Experts have drawn links between climate change and the major role countries play in exacerbating the looming global concern.
Qatar is among a number countries worldwide expected to be impacted by global warming, with a number of its beaches being listed in the ‘Top 10 Tourist Beaches’ predicted to shrink the most by the year 2100.
Qatar’s Simaisma North Beach in Al Daayen falls ninth on the list and its shoreline is projected to shrink by 298.6 metres by 2100.
Coming right after in tenth place is the Gulf nation’s Al Thakeera Beach located in Al Khor. Its shoreline is projected to shrink by 278.9 metres by the year 2100.
Global warming is an ongoing challenge that is already plaguing various ecosystems, one of which are coastlines. Rising sea levels and other related factors threaten some of the world’s most touristic beaches.
On top of the list and predicted to be hit the worst is Nigeria’s Landmark Beach located in the country’s largest city, Lagos. The west African country’s shoreline is projected to lose 918.3 metres by the year 2100. Lagos is already experiencing the serious ramifications of rising sea levels, witnessed in heightened cases of flooding, water-borne diseases and deteriorating water quality.
Regionally, Saudi Arabia’s Royal Commission Beach Yanbu in Yanbu Al Bahr ranks eighth place in the rankings and is forecasted to lose 336.2 metres by 2100.
The current rates of sea-rise levels have been unparalleled for the first time in the the last 2,500 years, according to NASA’s recent measurements. The primary contributors to global warming are the melting ice sheets and glaciers, which add water to the oceans, and the expansion of seawater as it warms.
Scientists have recently sounded a fresh alarm on the escalating climate crisis, forecasting that the Arctic may experience ice-free summers up to ten years sooner than previous projections indicated.
The revelation highlights the accelerated impact of the unrelenting discharge of global warming pollutants, according to research published in Nature Communications.
The study anticipates that complete Arctic sea ice melt could occur as soon as the 2030s. It posits that even if substantial cuts to global warming emissions are implemented immediately, summer seasons in the Arctic devoid of sea ice could be a reality by the 2050s.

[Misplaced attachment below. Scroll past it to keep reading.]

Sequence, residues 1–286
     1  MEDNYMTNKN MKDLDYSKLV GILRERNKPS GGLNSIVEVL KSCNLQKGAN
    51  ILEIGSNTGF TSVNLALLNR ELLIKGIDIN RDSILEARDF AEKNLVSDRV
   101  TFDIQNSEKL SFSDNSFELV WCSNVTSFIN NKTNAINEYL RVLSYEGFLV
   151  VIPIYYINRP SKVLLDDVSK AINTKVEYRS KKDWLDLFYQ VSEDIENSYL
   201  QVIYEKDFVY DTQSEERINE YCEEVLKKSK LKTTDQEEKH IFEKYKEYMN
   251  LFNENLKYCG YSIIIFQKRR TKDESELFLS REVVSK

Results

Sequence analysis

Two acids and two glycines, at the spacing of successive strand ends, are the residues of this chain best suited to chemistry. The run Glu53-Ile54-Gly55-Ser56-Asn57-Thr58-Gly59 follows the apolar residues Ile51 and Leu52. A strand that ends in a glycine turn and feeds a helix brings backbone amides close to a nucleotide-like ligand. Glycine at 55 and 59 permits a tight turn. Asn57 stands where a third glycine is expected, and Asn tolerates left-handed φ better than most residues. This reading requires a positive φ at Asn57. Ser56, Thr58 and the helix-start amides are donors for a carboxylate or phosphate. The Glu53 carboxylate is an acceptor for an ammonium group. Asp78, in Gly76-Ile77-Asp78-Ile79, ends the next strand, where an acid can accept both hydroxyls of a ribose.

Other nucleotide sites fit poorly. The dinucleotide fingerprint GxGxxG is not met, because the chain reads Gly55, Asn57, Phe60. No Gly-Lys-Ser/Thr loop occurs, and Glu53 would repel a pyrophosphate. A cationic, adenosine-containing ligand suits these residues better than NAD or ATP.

Meanwhile, data found in a 2022 study shows that the Arctic has been warming at a pace four times faster than the rest of the world over the past several decades.
NASA data reports that the rapid loss of sea ice in the region has been significant, with sea ice contracting at a rate of 12.6% per decade.
The complete melting of summer sea ice in the Arctic is generating alarming global repercussions. The region’s bright white ice, which reflects solar energy back into space, when melted, uncovers the darker ocean surface which absorbs more heat, resulting in further warming – a phenomenon known as “Arctic amplification.”
The shrinking sea ice can also affect global weather patterns, impacting regions far beyond the Arctic.
Some countries have already been bearing the brunt of global warming and experts have underlined the heavy man-made factor underpinning the looming global plague.
According to the Global Climate Risk Index, which analyses the human and economic toll of big extreme weather events, Pakistan has continuously been rated among the countries most vulnerable to the effects of climate change. This is despite it being responsible for less than 1% of global carbon emissions.
Millions of people have been affected by severe floods and landslides brought on by Pakistan’s monsoon season of 2022.
‘Climate change and colonial lines’
The floods have prompted many to speak out on the issues of climate change and the major role countries play in exacerbating the looming process.
“Climate change is a global justice issue. Rich countries like our own pump out massive levels of carbon emissions, while poor countries like Pakistan have to pay for it. With their crops, their homes, their lives,” Mehdi Hassan said on Twitter for MSNBC.
Although it is responsible for just less than 1% of global carbon emissions, Pakistan is currently the foremost country battling with the climate crisis.
Since 1959, Pakistan has been contributing 0.4% to the world’s historic greenhouse gas emissions. On a global level, the United States accounts for 21.5% while China is responsible for 16.5% and EU countries make up 15%.
“Climate breakdown is playing out along colonial lines,” an expert wrote on Twitter.